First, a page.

In one set of embodiments, the particles are formed by providing a solution comprising one or more polymers, and contacting the solution with a polymer nonsolvent to produce the particle. The solution may be miscible or immiscible with the polymer nonsolvent. For example, a water-miscible liquid such as acetonitrile may contain the polymers, and particles are formed as the acetonitrile is contacted with water, a polymer nonsolvent, e.g., by pouring the acetonitrile into the water at a controlled rate. The polymer contained within the solution, upon contact with the polymer nonsolvent, may then precipitate to form particles such as nanoparticles. Two liquids are said to be “immiscible” or not miscible, with each other when one is not soluble in the other to a level of at least 10% by weight at ambient temperature and pressure. Typically, an organic solution (e.g., dichloromethane, acetonitrile, chloroform, tetrahydrofuran, acetone, formamide, dimethylformamide, pyridines, dioxane, dimethysulfoxide, etc.) and an aqueous liquid (e.g., water, or water containing dissolved salts or other species, cell or biological media, ethanol, etc.) are immiscible with respect to each other. For example, the first solution may be poured into the second solution (at a suitable rate or speed). In some cases, particles such as nanoparticles may be formed as the first solution contacts the immiscible second liquid, e.g., precipitation of the polymer upon contact causes the polymer to form nanoparticles while the first solution is poured into the second liquid, and in some cases, for example, when the rate of introduction is carefully controlled and kept at a relatively slow rate, nanoparticles may form. The control of such particle formation can be readily optimized by one of ordinary skill in the art using only routine experimentation.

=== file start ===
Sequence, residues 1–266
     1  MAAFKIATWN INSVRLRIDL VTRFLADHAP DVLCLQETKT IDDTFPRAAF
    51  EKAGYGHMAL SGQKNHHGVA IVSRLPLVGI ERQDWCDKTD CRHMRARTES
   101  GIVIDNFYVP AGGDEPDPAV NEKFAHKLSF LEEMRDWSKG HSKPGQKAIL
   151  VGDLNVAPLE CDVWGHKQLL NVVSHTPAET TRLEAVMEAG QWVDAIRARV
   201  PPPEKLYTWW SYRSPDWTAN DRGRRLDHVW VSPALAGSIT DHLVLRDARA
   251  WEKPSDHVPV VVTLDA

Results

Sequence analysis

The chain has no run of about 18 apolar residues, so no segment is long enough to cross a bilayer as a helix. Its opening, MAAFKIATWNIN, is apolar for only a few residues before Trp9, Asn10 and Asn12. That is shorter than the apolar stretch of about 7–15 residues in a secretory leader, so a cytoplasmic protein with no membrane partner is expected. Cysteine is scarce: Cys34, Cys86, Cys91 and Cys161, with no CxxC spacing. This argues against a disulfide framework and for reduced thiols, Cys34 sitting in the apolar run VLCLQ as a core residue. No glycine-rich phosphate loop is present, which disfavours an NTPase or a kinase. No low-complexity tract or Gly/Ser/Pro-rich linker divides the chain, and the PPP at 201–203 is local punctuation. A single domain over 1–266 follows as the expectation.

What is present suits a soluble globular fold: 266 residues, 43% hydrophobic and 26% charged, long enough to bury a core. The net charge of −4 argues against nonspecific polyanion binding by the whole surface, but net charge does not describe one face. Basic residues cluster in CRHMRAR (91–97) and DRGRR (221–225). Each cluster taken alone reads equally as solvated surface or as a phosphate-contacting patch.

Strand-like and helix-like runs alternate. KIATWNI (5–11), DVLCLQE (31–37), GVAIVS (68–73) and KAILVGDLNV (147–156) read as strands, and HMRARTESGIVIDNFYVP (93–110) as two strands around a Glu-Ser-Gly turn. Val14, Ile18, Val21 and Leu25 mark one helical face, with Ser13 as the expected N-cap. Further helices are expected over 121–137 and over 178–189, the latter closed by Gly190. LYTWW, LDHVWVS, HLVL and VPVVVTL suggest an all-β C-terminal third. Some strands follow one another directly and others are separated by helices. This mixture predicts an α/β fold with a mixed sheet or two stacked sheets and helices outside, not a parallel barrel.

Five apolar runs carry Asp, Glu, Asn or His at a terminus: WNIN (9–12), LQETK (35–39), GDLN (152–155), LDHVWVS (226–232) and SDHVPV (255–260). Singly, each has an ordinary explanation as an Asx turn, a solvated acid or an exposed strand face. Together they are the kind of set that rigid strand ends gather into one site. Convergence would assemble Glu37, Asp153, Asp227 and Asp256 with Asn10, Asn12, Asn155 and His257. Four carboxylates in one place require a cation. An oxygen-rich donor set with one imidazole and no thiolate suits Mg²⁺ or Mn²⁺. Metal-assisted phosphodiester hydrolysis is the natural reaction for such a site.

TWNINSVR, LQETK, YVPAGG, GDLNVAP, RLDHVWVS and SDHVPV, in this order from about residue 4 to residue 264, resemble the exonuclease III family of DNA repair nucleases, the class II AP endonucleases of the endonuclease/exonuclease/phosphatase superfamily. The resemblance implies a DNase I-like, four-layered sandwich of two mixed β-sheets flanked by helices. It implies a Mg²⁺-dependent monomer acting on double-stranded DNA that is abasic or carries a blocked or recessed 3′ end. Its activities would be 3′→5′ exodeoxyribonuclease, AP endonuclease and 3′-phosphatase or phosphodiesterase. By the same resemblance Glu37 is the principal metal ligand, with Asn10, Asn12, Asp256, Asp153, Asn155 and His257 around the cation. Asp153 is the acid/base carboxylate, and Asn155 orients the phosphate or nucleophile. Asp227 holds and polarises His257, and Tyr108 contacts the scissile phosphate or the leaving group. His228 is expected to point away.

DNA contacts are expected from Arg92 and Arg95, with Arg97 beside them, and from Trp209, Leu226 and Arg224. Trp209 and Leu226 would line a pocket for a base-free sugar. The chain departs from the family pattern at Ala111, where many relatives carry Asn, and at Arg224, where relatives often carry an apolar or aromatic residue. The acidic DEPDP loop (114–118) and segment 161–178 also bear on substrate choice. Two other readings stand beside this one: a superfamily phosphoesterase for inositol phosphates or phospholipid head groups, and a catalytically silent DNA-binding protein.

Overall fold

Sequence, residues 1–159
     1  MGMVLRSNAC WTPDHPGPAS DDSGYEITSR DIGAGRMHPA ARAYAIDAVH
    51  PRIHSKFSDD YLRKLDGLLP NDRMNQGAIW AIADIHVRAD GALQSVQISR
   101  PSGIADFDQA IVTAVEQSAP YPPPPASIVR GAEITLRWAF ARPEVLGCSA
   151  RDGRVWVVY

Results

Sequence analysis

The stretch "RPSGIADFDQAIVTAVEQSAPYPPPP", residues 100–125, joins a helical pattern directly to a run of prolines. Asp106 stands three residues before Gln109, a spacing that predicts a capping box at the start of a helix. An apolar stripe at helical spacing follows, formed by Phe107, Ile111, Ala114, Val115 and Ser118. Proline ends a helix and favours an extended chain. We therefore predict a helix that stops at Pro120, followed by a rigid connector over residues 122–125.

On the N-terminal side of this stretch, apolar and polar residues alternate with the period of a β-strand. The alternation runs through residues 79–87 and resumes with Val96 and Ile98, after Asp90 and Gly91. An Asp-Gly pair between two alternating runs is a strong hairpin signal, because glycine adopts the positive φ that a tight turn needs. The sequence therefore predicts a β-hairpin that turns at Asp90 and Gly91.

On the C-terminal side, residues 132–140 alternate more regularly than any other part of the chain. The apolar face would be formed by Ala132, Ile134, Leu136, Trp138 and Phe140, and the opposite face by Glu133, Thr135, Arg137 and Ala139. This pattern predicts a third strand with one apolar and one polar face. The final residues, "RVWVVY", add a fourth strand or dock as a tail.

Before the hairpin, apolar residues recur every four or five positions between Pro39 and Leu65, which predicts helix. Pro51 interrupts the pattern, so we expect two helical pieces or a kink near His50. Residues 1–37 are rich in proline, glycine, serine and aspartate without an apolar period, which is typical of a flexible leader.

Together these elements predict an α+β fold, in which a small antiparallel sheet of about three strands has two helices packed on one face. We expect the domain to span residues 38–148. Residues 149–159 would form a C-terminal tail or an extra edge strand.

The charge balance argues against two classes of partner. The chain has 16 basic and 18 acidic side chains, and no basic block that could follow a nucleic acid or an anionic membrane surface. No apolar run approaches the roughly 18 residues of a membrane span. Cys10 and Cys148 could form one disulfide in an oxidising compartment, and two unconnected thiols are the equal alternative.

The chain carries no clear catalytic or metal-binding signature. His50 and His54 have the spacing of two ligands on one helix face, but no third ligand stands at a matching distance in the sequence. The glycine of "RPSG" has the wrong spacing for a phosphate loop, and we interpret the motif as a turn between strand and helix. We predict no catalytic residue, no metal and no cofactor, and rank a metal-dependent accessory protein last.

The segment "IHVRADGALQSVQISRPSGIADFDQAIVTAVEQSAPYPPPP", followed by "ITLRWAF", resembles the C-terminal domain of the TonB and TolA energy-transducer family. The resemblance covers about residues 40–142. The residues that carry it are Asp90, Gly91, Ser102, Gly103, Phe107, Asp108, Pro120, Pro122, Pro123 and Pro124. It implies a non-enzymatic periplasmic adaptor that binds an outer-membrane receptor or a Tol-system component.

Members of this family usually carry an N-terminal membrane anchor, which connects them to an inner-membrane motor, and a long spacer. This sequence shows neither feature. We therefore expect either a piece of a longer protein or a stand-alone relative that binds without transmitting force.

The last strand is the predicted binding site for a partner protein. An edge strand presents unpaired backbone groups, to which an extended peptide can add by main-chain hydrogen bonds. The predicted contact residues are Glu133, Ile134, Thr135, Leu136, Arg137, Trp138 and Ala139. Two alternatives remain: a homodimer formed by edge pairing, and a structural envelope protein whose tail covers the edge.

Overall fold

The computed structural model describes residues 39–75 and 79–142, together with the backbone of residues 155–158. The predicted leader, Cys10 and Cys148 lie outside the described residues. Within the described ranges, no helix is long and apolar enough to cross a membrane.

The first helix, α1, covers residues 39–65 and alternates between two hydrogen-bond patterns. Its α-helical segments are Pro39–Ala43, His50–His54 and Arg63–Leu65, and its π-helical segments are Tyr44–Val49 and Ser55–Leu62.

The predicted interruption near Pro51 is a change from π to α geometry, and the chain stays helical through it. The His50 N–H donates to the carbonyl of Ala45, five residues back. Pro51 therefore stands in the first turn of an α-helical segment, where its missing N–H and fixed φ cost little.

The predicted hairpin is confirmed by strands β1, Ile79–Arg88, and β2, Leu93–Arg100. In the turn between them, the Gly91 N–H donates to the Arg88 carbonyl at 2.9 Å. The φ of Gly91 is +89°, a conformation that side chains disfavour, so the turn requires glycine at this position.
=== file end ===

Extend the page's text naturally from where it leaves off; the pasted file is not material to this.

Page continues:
In another embodiment, a nanoemulsion process is provided, such as the process represented in FIGS. 1 and 2. For example, a therapeutic agent, a first polymer (for example, a diblock co-polymer such as PLA-PEG or PLGA-PEG, either of which may be optionally bound to a ligand, e.g., GL2) and an optional second polymer (e.g., (PL(G)A-PEG or PLA), with an organic solution to form a first organic phase. Such first phase may include about 5 to about 50% weight solids, e.g about 5 to about 40% solids, or about 10 to about 30% solids. The first organic phase may be combined with a first aqueous solution to form a second phase. The organic solution can include, for example, toluene, methyl ethyl ketone, acetonitrile, tetrahydrofuran, ethyl acetate, isopropyl alcohol, isopropyl acetate, dimethylformamide, methylene chloride, dichloromethane, chloroform, acetone, benzyl alcohol, Tween 80, Span 80, or the like, and combinations thereof. In an embodiment, the organic phase may include benzyl alcohol, ethyl acetate, and combinations thereof. The second phase can be between about 1 and 50 weight percent, e.g., about 5-40 weight percent, solids. The aqueous solution can be water, optionally in combination with one or more of sodium cholate, ethyl acetate, polyvinyl acetate and benzyl alcohol.